Like many parents of four-year-olds right now, I’m preparing for the big move to primary school this September. Our new school is doing a great job of easing the transition from nursery for our son; but as full-time working parents the difference between nursery and school is deeply stressful.
Nursery is run for working parents: open 8-6, three meals a day provided, flexible arrival and departure time, and one itemised monthly bill. School is very different: closed 14 weeks of the year, and finishing around 3pm the other 38. A whole mini-industry of breakfast clubs, after-school clubs, holiday clubs and summer schools has grown up to fill the gap for families who can’t have an adult at home so much of the time. Each one has its own waiting list, hours, costs, payment methods and reputation for quality … or not. Even school dinners are paid for separately. With less than 2 months to go, we’ve a lot of arrangements still to sort out.
The launch of the Public Services White Paper this week, and the suggestion of private organisations providing state-funded services, has caused a number of my friends to fume about “privatising schools and hospitals”. I can’t help noting that in moving from a partially state-funded private nursery to an entirely state-provided school, I’m getting a worse service, at greater cost to the taxpayer.
We aren’t living in the 19th century, with extra farm labour needed in the summer. We’re in the 21st century where both parents may go out to work, and a quarter of families are headed by a single parent. What if the state school system was designed for parents who are also employees?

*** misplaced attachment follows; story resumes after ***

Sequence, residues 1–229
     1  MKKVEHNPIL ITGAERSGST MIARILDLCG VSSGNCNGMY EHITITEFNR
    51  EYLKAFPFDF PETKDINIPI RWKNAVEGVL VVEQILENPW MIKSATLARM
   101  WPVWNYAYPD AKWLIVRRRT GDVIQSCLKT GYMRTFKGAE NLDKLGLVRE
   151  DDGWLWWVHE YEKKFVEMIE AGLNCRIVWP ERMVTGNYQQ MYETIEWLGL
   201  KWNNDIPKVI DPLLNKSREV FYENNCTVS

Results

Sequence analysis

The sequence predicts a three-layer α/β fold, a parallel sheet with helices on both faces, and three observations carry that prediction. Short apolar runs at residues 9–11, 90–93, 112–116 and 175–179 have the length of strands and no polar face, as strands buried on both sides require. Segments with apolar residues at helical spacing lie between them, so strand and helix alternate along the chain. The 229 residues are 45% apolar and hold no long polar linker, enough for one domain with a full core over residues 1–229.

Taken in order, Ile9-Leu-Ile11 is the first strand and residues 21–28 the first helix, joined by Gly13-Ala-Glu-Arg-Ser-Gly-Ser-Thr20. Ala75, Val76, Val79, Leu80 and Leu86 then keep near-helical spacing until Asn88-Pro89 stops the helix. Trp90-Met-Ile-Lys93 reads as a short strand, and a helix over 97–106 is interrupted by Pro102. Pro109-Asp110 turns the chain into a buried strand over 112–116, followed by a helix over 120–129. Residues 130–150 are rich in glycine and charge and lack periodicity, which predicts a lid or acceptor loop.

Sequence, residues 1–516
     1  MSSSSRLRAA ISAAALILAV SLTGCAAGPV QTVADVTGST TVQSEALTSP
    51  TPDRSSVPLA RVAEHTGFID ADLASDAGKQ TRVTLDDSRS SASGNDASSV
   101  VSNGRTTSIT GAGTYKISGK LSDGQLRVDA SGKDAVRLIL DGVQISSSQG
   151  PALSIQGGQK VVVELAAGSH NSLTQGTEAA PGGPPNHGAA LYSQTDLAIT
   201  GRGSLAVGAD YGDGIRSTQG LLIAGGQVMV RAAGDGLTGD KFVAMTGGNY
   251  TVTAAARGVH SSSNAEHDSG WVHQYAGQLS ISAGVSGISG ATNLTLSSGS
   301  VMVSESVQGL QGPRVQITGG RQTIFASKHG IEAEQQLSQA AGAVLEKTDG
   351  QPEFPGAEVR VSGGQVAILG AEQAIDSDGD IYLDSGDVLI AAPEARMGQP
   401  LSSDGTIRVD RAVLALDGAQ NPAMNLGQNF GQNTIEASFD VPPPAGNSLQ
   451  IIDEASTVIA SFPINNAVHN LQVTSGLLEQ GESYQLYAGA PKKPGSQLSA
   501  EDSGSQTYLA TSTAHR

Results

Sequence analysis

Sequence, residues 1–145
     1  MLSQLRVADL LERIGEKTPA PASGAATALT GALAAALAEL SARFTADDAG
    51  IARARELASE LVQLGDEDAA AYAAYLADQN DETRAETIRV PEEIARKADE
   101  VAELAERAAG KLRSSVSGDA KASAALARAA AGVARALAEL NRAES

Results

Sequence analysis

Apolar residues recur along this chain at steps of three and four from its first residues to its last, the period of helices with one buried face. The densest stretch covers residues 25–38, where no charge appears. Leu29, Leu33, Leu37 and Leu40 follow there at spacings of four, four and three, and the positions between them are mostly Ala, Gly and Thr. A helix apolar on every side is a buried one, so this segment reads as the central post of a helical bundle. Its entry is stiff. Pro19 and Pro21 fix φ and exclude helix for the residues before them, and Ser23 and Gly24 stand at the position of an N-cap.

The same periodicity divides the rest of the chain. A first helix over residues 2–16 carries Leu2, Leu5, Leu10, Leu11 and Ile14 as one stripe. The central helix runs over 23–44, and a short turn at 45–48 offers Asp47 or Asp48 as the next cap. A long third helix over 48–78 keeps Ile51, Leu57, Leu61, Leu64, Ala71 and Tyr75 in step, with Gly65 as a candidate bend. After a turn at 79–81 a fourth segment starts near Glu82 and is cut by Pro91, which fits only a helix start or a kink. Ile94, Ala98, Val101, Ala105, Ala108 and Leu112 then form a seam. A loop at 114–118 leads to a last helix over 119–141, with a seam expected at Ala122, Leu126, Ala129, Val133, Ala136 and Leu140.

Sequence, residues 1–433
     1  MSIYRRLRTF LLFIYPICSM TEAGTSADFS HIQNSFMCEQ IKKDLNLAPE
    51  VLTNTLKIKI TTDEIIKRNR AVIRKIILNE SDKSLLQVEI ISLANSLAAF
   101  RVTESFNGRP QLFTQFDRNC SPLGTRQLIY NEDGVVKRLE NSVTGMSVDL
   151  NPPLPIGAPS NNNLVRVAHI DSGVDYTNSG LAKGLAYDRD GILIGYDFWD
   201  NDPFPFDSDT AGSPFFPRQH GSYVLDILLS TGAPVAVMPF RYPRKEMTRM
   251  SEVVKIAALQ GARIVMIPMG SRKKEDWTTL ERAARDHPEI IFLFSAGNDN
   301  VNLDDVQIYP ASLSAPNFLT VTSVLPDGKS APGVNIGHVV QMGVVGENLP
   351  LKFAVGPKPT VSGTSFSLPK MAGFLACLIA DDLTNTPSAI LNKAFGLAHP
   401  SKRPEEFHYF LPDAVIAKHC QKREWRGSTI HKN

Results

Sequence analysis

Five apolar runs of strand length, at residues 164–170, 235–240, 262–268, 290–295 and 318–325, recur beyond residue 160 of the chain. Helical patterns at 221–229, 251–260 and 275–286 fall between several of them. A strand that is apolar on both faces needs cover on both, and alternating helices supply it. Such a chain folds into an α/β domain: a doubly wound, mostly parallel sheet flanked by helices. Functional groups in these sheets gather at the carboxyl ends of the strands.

A starting point would be bringing the organisation of year-round childcare into the school, and offering parents a single point of contact for the administration of before-school, after-school and holidays. The ‘core hours’ concept could be usefully borrowed from business, where core (i.e. the traditional state-funded academic year) remains the default, but a simple application for non-core hours is available for those parents who need it, with a unified monthly bill (even better if it can include school dinners!)
A more radical change would be to allow schools to change when they ran their core hours to suit their local community. The state would still pay for 33 hours 38 weeks of the year, but a school could adapt to local needs. For example, in a community with highly seasonal work, the school could match the state-funded provision of childcare/education with the peak work season, allowing more parents to take up seasonal work.
Schools are a vital part of local communities but too often seem to be run on the assumption that every child has a parent available during the working day. How do we get to a place where all parents, even those who go out to work, are included in the community?